Archive for John Brahm

Wallflower

Posted in FILM with tags , , , , , , , , on March 23, 2019 by dcairns

A shot — just one of several — that got a WOW! from Fiona. From John Brahm’s film of THE LODGER.

The movie is full of bold images, courtesy of Brahm and Lucien Ballard. This one takes us by surprise since star Laird Cregar’s position has changed since we last saw him, and because, presented as co-star Merle Oberon’s POV (she and Ballard were married, and he lavishes care on her lighting), it seems an outrageous optical cheat: SHE hasn’t pressed her face to the wall to look at Laird. But in fact, the layout of the room makes the shot quite feasible. I wonder if the idea for the dramatic composition preceded and inspired the design, or followed on from it with James Basevi & John Ewing’s set giving Brahm the opportunity for a startling composition.

Merle walks blithely into a little nook of her dressing room. Cregar, having emerged from behind a screen, speaks off-camera ~

Merle turns, startled. And we cut to the image at top: the view from her nook.

Mr. Cregar is the subject of a profile I’ve written for The Chiseler, inspired a viewing of THIS GUN FOR HIRE: I hope you’ll read and share.

Expect more on TGFH and LODGER soon…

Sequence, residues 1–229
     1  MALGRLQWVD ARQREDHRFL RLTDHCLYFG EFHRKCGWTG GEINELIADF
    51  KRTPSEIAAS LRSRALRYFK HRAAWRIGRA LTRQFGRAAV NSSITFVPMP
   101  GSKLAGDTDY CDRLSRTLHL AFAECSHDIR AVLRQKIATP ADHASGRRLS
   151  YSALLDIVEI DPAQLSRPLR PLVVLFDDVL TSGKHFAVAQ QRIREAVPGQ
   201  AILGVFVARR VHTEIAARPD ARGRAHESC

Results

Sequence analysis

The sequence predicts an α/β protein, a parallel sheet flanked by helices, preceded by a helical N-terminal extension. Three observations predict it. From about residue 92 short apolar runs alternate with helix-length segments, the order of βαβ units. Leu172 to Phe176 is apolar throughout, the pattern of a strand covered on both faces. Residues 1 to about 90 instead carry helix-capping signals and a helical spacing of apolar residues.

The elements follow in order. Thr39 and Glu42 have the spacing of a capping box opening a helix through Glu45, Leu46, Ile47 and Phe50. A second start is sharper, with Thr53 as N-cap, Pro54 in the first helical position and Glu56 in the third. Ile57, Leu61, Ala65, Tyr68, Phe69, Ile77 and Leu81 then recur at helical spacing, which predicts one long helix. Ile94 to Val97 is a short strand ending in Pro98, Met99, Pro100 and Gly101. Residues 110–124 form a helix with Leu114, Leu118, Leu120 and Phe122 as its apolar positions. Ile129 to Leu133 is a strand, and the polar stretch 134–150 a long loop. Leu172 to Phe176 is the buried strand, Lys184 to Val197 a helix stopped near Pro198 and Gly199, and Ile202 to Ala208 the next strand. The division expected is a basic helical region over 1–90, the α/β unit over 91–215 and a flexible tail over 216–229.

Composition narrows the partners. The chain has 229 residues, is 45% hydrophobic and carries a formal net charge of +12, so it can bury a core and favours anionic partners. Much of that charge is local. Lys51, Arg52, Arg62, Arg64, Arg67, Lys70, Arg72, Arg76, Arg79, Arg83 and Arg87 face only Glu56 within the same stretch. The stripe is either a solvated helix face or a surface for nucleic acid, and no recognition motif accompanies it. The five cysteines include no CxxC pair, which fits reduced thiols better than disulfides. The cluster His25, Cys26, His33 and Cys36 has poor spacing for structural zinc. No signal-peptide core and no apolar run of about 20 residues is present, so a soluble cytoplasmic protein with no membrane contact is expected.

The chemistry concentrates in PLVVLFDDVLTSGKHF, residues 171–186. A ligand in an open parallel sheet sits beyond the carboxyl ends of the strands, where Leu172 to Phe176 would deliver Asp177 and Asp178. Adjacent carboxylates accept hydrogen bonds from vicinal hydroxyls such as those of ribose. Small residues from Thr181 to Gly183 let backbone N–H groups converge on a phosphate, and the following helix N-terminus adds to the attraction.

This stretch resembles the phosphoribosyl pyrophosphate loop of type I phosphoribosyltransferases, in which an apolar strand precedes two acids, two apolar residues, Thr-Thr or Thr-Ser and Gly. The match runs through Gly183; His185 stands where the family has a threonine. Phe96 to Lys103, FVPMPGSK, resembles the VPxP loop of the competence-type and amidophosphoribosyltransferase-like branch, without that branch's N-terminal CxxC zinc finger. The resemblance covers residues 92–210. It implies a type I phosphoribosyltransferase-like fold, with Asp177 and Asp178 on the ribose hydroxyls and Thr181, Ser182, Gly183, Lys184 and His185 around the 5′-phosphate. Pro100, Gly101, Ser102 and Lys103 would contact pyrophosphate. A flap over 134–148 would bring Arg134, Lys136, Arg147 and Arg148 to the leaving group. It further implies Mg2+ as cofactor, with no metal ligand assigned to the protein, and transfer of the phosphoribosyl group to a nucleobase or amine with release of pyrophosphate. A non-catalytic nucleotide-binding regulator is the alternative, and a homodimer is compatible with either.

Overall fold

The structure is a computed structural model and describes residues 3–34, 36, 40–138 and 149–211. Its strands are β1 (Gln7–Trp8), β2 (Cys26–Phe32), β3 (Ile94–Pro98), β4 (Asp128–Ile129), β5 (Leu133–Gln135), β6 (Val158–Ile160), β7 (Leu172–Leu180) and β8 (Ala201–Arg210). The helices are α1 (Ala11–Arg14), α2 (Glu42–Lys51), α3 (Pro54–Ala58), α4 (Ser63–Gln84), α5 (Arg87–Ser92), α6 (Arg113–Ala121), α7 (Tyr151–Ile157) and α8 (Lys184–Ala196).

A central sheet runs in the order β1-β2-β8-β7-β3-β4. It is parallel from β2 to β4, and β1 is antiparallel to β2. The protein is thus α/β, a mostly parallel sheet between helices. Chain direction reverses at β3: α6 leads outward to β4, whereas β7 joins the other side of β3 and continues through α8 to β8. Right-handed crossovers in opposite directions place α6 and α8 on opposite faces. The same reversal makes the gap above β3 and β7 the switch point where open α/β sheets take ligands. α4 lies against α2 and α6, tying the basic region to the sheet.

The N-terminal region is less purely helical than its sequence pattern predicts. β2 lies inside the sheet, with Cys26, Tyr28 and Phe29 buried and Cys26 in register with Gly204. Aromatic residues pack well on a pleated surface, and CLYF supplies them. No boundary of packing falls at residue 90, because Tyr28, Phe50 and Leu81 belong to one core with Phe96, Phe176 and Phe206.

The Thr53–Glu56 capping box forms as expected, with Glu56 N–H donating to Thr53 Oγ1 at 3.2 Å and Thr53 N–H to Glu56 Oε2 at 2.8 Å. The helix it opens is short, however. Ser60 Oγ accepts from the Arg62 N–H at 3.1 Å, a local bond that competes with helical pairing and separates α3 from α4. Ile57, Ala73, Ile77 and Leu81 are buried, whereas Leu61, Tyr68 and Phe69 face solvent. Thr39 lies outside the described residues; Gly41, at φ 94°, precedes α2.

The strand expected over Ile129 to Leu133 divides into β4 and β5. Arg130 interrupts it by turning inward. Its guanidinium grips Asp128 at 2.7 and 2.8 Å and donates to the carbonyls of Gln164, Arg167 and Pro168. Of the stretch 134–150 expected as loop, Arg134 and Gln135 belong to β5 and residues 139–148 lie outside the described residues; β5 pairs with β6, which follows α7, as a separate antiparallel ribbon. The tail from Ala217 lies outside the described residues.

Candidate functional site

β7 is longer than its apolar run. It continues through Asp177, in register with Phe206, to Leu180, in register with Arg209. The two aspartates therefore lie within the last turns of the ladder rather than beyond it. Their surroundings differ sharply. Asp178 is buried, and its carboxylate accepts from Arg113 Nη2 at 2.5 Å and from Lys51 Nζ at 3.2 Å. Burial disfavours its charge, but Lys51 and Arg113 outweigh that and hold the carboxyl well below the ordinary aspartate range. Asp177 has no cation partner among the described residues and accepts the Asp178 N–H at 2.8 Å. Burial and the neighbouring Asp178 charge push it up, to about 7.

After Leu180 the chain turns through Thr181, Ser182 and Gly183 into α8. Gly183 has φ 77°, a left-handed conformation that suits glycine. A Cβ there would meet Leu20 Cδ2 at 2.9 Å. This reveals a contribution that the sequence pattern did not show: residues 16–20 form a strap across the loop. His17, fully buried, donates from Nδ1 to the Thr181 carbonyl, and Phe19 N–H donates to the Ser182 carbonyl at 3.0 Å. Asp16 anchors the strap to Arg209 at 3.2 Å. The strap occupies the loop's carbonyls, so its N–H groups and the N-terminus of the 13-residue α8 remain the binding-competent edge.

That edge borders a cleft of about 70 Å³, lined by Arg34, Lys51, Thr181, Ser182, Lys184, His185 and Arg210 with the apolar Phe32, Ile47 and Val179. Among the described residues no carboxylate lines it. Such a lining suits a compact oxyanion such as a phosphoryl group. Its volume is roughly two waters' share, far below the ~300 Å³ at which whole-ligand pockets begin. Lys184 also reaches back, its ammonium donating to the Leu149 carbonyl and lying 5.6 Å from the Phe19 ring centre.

Also of note for noir-hounds: the great and powerful Imogen Sara Smith on DECOY.

 

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Freud Vs Marx in the World Series of Love

Posted in FILM, Mythology, Painting, Politics, Science with tags , , , , , , , , , on August 10, 2018 by dcairns

THE LOCKET is best-remembered for its Russian dolls structure, with a flashback embedded in a flashback inside another flashback. Like INCEPTION, we go in, and in, and in, then out and out and out. But there are more pleasures than that, as any decent marital guide could tell you.

Director John Brahm was great at what animators call “extremes” — he could frame shots in such a way that the composition alone created a skewed, intense emotion — see this shot of Larraine Day, filmed from INSIDE her wedding veil. The ending of his version of THE LODGER seems composed almost entirely of extremes — Laird Cregar brought out the be(a)st in him.

Screenwriter Sheridan Gibney told Patrick McGilligan about writing this one, and being forced to compromise the ending by the Production Code. He wanted it to end with Larraine Day walking down the aisle with new hubbie Gene Raymond. The censors said she couldn’t, as she was a thief who had driven one man to madness and another to suicide. Gibney’s argument was that we didn’t know this — we have only Brian Aherne’s word for it, and he’s maybe mad… An interesting test case: the censor decided that crime must not pay, even when it’s only maybe crime and maybe never happened.

The IMDb lists blacklistee Norma Barzman as co-writer — Gibney didn’t mention her. But it’s tempting to see the two writers as embodying warring stances, the Freudian and Marxist influences on the script. Larraine Day is crazy, afflicted with kleptomaniacal compulsions caused by a traumatic incident in her childhood when she was unjustly accused of theft by nasty rich lady Katherine Emery (maybe the film’s best performance, and a character who’s horribly convincing because she’s so certain she’s in the right). This sequence is buried in the deepest flashback of the set, the primal scene/inciting incident at the heart of Day’s, and the film’s, psychosis.

The Figure in the Carpet is Mitch!